Despite losing territory that at its peak was the size of England, ISIS is far from defeated. The threat of a resurgent ISIS, or “ISIS 2.0” is real. The Defense Intelligence Agency estimates that 30,000 ISIS fighters remain in Iraq and Syria. American troops deployed in the region are working closely alongside local partners to deny an ISIS comeback by promoting effective local governance and delivering basic services to the traumatized population.
One such project in Syria was identified to Spirit of America by a US Special Forces team. A former train station sits on a dusty road outside Hajin, a town recently liberated from ISIS. The bullet-ridden building was converted into a medical clinic that will treat civilians and US partner forces. At the time it was set up, it was the only medical facility within 100 miles. The clinic, which could not be fully furnished with US Government funds alone, will do much more than provide medical care to civilians – it will also reinforce the legitimacy of the local government and promote goodwill towards US and Coalition troops.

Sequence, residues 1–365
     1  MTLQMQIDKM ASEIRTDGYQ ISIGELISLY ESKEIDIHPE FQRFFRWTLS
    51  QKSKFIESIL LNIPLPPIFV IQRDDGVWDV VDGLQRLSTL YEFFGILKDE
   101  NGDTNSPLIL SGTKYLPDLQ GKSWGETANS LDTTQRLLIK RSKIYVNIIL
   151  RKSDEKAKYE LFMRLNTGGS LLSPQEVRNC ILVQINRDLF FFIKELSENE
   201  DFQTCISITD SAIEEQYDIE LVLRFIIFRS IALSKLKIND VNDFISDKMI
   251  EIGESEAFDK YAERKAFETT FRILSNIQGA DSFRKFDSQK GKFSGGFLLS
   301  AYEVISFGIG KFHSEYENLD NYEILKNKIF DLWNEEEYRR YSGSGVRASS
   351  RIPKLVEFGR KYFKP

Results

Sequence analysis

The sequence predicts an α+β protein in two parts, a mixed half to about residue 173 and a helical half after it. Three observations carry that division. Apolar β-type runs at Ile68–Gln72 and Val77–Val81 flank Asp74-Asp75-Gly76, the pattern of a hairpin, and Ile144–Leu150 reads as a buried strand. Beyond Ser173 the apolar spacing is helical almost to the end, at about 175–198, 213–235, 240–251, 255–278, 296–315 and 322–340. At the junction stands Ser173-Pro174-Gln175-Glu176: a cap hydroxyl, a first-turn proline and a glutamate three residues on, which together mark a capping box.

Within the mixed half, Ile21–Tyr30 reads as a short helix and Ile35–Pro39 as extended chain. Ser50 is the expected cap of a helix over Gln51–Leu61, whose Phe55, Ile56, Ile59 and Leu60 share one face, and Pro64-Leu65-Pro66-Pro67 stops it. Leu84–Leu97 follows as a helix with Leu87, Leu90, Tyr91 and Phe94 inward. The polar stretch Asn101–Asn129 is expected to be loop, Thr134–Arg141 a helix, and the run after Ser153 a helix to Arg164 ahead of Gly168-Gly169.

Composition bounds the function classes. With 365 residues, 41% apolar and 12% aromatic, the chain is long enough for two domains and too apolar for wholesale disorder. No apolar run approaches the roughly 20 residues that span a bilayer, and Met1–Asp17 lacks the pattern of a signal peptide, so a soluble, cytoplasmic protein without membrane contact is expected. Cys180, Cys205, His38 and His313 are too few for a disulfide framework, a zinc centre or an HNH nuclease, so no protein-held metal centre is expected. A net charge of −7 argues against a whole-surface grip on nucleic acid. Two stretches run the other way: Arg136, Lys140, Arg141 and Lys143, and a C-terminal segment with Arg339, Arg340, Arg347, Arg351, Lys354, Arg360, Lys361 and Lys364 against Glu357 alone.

While discussing Spirit of America support for the clinic, a Special Forces soldier told me “I cannot understate the significant positive effect it will have on our mission to provide medical care to these individuals, particularly because of the positive impact it will have on our relations with the returning populace as my [team] is operating within the area.”